Plant roots increase carbon emission from permafrost soils

A key uncertainty in climate projections is the amount of carbon emitted by thawing permafrost in the Arctic. Plant roots in soil stimulate microbial decomposition, a mechanism called the priming effect. An international ...

Study shows wetter climate is likely to intensify global warming

A study in the May 6th issue of Nature indicates the increase in rainfall forecast by global climate models is likely to hasten the release of carbon dioxide from tropical soils, further intensifying global warming by adding ...

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Globalization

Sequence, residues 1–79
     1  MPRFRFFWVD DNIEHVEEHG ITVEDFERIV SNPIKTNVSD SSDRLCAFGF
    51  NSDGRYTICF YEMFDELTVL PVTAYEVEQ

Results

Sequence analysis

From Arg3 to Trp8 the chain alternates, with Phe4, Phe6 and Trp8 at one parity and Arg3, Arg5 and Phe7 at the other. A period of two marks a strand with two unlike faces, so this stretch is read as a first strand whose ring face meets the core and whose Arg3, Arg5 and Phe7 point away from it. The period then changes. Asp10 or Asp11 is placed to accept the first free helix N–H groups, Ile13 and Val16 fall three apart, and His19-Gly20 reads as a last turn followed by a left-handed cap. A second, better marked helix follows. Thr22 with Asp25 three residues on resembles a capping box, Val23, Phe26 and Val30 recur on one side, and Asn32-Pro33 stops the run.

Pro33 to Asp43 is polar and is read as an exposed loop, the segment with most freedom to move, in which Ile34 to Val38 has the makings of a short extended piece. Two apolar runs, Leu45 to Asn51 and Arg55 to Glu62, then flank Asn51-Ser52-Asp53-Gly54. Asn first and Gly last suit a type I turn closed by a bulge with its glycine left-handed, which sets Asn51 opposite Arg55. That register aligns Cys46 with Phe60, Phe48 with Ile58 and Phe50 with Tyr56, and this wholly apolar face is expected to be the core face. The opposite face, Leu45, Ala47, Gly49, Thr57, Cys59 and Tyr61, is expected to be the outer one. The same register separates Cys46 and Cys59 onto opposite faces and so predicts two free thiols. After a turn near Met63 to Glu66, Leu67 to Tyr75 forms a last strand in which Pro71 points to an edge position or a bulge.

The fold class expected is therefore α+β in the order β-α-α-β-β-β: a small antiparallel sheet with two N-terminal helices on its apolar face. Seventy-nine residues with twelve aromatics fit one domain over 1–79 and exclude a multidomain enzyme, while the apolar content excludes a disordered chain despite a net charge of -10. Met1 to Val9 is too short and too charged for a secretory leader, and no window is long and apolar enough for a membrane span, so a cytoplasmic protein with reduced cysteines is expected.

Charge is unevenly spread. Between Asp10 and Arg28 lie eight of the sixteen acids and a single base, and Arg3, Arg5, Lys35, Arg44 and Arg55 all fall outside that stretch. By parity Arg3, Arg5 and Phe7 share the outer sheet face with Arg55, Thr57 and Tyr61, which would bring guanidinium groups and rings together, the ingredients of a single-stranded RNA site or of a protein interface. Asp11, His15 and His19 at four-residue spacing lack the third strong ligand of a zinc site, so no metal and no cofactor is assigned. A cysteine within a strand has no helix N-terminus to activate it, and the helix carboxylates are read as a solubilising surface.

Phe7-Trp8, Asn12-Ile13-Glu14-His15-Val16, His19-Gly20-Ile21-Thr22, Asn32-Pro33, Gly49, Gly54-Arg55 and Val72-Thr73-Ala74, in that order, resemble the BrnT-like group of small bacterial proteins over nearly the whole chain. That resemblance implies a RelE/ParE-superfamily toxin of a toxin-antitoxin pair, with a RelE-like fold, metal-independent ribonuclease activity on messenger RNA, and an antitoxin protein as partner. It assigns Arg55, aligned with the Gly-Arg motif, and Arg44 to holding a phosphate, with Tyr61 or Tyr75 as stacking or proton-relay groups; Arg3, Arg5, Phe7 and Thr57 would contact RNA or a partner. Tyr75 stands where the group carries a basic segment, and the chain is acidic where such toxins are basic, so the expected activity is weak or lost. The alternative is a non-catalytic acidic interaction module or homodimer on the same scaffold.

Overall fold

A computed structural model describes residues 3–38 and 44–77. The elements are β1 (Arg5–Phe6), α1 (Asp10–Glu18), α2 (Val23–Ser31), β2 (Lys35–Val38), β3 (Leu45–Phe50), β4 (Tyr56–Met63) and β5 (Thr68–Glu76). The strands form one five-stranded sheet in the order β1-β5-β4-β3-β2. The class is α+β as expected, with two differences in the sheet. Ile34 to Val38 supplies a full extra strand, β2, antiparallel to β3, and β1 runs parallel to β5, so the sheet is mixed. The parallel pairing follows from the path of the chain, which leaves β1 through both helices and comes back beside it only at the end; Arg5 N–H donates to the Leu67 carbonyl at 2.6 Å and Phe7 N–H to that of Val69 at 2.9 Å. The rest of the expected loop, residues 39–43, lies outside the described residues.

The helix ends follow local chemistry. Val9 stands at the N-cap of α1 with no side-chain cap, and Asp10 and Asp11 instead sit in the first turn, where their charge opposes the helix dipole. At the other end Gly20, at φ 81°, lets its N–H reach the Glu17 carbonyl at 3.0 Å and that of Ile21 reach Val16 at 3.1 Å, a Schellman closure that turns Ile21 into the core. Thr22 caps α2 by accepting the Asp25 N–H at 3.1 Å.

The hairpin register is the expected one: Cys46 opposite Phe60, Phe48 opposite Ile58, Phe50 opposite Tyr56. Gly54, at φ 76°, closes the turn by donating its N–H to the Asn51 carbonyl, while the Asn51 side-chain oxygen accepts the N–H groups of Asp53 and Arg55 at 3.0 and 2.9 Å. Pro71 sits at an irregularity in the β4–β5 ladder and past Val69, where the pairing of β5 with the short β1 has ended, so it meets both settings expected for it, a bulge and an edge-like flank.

Globalization refers to the increasing unification of the world's economic order through reduction of such barriers to international trade as tariffs, export fees, and import quotas. The goal is to increase material wealth, goods, and services through an international division of labor by efficiencies catalyzed by international relations, specialization and competition. It describes the process by which regional economies, societies, and cultures have become integrated through communication, transportation, and trade. The term is most closely associated with the term economic globalization: the integration of national economies into the international economy through trade, foreign direct investment, capital flows, migration, the spread of technology, and military presence. However, globalization is usually recognized as being driven by a combination of economic, technological, sociocultural, political, and biological factors. The term can also refer to the transnational circulation of ideas, languages, or popular culture through acculturation. An aspect of the world which has gone through the process can be said to be globalized. Against this view, an alternative approach stresses how globalization has actually decreased inter-cultural contacts while increasing the possibility of international and intra-national conflict.

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